San Ysidro Anticline: Where the Colorado Plateau Meets the Rio Grande Rift

We're about to hike along the south rim of what geologists call the San Ysidro anticline, or alternatively the Tierra Amarilla anticline. Trail bikers call it the White Ridge . Millions of years ago, things looked quite different here: we're peering into a valley that was a ridge, not a low point. The peak of the ridge followed the center of the valley you see here - so the highest part of that ridge is now the lowest part of today's valley. Geologists call this "inverted topography": the highest parts of the land have been transformed into the lowest parts. How did that happen? The rock layer that covered the top of the ridge was made of shale, limestone, and gypsum. You can see the white gypsum on the trail at the edges of this photo (geologists call it the Tonque Arroyo Member). This hard rock cover was eroded off the top of the ridge by wind, precipitation, and freezing and thawing. As it wore away, much softer sandstones, mudstones, and siltstones beneath

Arroyo Negro Pueblo: In My Backyard

For several years, I tried to pin down the location of the site of a 1,000-year-old Pueblo village that was supposed to be near my home. Eventually I found it, just 600 feet from my backdoor, on top of the ridge that you see in the background of this photo. This view of the ridge that climbs about 100 feet above my house is looking from the rooftop of my house, and my neighbors' houses. This pueblo was first excavated by archaeologists in the 1920s, who named it the Arroyo Negro Pueblo. It is considered perhaps the best mapped, although least described, of the Santa Fe River pueblo sites from the Late Development period. Wood cores were taken from structural support timbers of the buildings in 1934 to do tree ring dating. The Ancestral Puebloans spent 50 years constructing seven buildings up there, from the years 1050 to 1100. The buildings consisted of anywhere from 2 to 25 rooms. Alongside most of the buildings, on the side facing the Santa Fe River, was a round, free-stand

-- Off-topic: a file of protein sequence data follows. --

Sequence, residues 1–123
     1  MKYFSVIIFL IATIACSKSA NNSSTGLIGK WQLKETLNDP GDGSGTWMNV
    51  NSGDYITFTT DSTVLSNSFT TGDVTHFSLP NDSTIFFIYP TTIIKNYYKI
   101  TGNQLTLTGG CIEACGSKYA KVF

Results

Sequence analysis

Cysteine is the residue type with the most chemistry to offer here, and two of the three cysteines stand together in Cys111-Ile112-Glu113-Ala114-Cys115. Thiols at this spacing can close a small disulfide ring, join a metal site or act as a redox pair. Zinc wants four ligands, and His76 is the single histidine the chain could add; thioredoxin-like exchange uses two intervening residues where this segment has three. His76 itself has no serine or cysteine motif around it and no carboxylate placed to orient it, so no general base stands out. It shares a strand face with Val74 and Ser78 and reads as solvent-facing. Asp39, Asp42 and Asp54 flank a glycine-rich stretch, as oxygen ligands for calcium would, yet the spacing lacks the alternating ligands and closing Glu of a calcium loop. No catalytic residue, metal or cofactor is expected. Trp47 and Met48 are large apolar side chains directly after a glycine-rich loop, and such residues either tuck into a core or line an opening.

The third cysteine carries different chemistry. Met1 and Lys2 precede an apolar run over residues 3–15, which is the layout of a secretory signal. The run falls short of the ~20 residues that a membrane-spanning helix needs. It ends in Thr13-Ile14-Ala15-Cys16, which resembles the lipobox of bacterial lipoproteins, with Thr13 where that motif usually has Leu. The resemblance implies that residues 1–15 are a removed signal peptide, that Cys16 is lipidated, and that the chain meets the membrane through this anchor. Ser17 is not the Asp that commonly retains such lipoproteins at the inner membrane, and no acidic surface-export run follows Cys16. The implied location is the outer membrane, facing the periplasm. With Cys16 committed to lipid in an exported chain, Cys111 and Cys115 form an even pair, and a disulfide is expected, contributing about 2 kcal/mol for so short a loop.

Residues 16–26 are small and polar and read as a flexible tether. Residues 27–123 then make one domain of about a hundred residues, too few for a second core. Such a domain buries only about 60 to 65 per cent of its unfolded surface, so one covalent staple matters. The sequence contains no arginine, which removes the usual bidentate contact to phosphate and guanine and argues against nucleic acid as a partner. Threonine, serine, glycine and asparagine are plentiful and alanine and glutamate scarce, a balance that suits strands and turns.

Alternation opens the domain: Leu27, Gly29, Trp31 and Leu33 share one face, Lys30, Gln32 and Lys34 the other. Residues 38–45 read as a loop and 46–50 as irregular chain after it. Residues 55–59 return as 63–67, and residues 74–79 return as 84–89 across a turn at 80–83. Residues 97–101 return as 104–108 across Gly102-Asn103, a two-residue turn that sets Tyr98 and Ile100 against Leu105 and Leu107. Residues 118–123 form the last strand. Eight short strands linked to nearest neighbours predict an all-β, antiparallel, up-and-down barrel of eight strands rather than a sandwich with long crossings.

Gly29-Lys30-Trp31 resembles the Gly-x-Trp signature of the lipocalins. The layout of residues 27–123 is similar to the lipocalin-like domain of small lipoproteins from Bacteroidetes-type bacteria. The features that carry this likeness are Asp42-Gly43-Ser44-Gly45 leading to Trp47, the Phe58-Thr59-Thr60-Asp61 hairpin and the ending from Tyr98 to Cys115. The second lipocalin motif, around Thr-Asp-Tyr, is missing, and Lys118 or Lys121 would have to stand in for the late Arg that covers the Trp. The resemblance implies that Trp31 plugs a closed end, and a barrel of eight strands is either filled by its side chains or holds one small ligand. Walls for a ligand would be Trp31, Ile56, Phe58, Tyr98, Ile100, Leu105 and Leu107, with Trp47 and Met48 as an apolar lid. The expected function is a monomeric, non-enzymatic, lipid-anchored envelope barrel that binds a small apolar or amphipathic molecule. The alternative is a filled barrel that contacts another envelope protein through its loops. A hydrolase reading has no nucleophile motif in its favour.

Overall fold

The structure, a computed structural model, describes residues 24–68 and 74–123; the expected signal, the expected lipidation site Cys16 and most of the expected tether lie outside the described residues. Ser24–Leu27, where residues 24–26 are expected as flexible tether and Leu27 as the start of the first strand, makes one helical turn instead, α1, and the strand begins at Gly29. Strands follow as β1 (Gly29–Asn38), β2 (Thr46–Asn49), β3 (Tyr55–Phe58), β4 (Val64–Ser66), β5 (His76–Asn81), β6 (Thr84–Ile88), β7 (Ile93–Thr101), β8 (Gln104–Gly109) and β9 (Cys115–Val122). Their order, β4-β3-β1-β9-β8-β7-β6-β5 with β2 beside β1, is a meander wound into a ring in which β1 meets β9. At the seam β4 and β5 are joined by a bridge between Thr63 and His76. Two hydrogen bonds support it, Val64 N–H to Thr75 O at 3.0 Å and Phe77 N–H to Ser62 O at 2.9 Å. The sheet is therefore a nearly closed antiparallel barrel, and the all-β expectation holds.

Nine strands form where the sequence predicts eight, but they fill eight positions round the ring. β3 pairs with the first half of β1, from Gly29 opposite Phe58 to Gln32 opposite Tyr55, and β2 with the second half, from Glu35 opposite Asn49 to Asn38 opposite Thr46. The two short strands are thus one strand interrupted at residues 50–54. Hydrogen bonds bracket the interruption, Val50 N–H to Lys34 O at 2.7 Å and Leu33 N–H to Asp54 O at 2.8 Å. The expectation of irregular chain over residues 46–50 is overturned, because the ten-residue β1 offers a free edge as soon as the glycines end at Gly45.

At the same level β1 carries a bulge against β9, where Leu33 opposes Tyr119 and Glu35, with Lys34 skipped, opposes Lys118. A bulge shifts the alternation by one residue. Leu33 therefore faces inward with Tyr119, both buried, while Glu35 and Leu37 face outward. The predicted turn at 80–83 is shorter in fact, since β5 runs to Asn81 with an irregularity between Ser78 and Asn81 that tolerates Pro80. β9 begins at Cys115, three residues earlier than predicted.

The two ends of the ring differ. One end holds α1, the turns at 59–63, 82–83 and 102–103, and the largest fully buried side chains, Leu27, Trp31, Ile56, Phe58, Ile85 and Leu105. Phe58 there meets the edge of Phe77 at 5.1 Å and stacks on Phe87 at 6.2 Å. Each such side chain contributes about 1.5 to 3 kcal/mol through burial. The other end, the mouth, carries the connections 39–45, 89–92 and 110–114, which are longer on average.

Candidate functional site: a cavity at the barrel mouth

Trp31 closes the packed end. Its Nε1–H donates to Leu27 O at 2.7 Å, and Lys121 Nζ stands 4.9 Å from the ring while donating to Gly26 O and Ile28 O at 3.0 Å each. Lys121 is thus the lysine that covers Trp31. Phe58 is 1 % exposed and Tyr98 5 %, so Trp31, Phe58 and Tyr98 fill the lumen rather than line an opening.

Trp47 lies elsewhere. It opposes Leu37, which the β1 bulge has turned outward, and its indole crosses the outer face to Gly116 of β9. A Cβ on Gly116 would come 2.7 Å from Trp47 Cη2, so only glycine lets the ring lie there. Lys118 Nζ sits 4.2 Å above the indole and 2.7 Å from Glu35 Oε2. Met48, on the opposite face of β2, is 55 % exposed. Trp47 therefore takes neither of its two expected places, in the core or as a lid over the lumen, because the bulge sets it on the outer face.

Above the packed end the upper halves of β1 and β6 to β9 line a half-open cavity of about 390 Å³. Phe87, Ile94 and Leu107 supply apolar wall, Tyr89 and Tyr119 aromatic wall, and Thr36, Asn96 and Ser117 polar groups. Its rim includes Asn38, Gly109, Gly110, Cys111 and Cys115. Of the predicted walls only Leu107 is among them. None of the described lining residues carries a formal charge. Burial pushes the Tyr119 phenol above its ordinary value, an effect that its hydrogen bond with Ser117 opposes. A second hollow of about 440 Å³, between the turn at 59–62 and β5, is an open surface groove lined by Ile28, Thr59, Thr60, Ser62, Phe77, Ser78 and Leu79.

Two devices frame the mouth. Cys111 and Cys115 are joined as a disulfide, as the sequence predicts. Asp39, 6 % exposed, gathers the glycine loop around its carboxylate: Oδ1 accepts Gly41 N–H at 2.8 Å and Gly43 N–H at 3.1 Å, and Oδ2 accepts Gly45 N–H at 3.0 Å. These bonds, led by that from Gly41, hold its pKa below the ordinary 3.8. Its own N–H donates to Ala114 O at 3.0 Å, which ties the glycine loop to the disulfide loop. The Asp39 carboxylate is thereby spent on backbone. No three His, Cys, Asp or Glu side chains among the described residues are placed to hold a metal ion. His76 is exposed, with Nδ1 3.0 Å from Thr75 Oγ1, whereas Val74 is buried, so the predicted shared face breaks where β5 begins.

Hiking to the Mouth of the Gila Box

We watched the Gila River flow at The Nature Conservancy's (TNC) Lichty Ecological Research Center, four miles south of where it emerges from the Mogollon Range (in the background), and the rugged Gila Wilderness. The TNC's Gila Riparian Preserve here protects more than 1,200 acres of fragile Southwest riparian habitat and verdant gallery woodland along the Gila River, the last of the Southwest's major free-flowing rivers. The Gila is a rare example of a river with a natural pattern of flows that are unimpeded by dams. They range from winter floods to snowmelt run-off and low flows in spring. A variety of native plants and animals have adapted to these seasonal pulses of flooding and drought, including a number of endangered species.  Two-and-a-half miles upstream from the Lichty Center, we set out to hike to the mouth of the box canyon where the Gila River exits the mountainous Gila Wilderness: the world's first designated wilderness area and New Mexico's largest.